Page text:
ASN's Mission

To create a world without kidney diseases, the ASN Alliance for Kidney Health elevates care by educating and informing, driving breakthroughs and innovation, and advocating for policies that create transformative changes in kidney medicine throughout the world.

learn more

Contact ASN

1401 H St, NW, Ste 900, Washington, DC 20005

email@asn-online.org

202-640-4660

The Latest on Twitter

Kidney Week

Abstract: TH-PO056

Bile Cast Nephropathy-Retrospective Cohort of Hyperbilirubinemia Associated Nephropathy

Session Information

Category: Acute Kidney Injury

  • 102 AKI: Clinical‚ Outcomes‚ and Trials

Authors

  • Abu Amer, Nabil, Chaim Sheba Medical Center, Rmat Gan, Israel
  • Erman, Orit, Chaim Sheba Medical Center, Rmat Gan, Israel
  • Kukuy, Lesya, Chaim Sheba Medical Center, Rmat Gan, Israel
  • Kunin, Margarita, Chaim Sheba Medical Center, Rmat Gan, Israel
  • Mini-Goldberger, Sharon, Chaim Sheba Medical Center, Rmat Gan, Israel
  • Beckerman, Pazit, Chaim Sheba Medical Center, Rmat Gan, Israel
Background

Bile cast nephropathy (BCN) represents kidney dysfunction in the setting of severe hyperbilirubinemia. The proposed pathogenesis includes direct bile toxicity and obstructive tubular cast formation. BCN remains controversial despite typical findings on kidney pathology. The aim of this study is clinical characterization and risk factor identification of hyperbilirubinemia associated nephropathy.

Methods

A retrospective cohort study of patients admitted to surgery departments between January 2007 and January 2020 with total bilirubin above 10 mg/dl. Hyperbilirubinemia associated acute kidney injury (AKI) were identified, after carefully excluding all other etiologies of AKI. Data collected included demographic parameters, medical background, etiology of hyperbilirubinemia, lab tests, vital signs and nephrotoxic agents given during the hospitalization period.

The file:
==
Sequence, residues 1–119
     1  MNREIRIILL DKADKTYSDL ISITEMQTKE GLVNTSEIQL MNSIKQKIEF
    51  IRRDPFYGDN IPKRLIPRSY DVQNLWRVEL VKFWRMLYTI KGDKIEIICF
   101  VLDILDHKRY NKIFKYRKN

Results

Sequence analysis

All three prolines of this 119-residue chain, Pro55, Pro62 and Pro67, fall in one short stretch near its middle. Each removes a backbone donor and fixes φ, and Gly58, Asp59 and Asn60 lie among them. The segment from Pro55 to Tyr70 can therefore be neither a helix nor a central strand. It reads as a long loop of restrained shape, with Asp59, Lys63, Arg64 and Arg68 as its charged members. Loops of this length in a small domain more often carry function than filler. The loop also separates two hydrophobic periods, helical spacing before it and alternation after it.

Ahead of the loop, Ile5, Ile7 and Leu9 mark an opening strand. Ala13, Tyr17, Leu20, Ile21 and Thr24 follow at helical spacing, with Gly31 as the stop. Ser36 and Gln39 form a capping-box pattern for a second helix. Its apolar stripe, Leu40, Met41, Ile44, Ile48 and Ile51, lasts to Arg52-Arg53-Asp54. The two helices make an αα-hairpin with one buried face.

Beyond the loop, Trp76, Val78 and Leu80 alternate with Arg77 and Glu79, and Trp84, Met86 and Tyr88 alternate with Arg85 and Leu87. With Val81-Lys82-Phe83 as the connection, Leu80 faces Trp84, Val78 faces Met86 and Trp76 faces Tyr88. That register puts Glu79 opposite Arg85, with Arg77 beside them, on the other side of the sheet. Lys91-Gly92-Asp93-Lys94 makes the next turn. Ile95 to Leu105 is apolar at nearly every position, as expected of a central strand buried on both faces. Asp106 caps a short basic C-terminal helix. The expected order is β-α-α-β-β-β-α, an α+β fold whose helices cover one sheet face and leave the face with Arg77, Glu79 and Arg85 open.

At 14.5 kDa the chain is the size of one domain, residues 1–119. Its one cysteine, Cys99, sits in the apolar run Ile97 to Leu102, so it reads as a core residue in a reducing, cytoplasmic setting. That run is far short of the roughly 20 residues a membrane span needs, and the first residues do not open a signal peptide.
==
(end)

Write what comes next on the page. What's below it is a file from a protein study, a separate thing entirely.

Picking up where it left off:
Results

A total of 1,181 patients with serum bilirubin above 10 mg/dl were enrolled. 672 patients with other known kidney insults were excluded. The remaining 509 patients had a mean maximal bilirubin of 14.7 mg/d (SD±5.8). Of which, eighty-eight patients (17%) developed AKI, defined as bile cast nephropathy. They were mostly female (78%) and had a lower baseline estimated glomerular filtration rate compared to patients with hyperbilirubinemia who did not develop AKI (66 mL/min per 1.73 m2 (IQR 60.8-99.7) and 81 mL/min per 1.73 m2 (IQR 48.7- 80.4), respectively). Most of the patients (63%) had AKI stage 1 and there was no linear correlation between bilirubin level and AKI event.
Renal recovery occurred after a decrease in serum bilirubin to a nadir of 4.19 mg/dl (IQR 1.4-6.8).

Conclusion

The diagnosis of bile cast nephropathy should be considered in patients with hyperbilirubimenia who develop AKI. In most cases AKI is mild and resolves following a decrease in bilirubin levels. This finding suggests that reduction in bilirubin levels may be beneficial among patients who develop AKI, even when no definitive treatment of hyperbilirubinemia is available.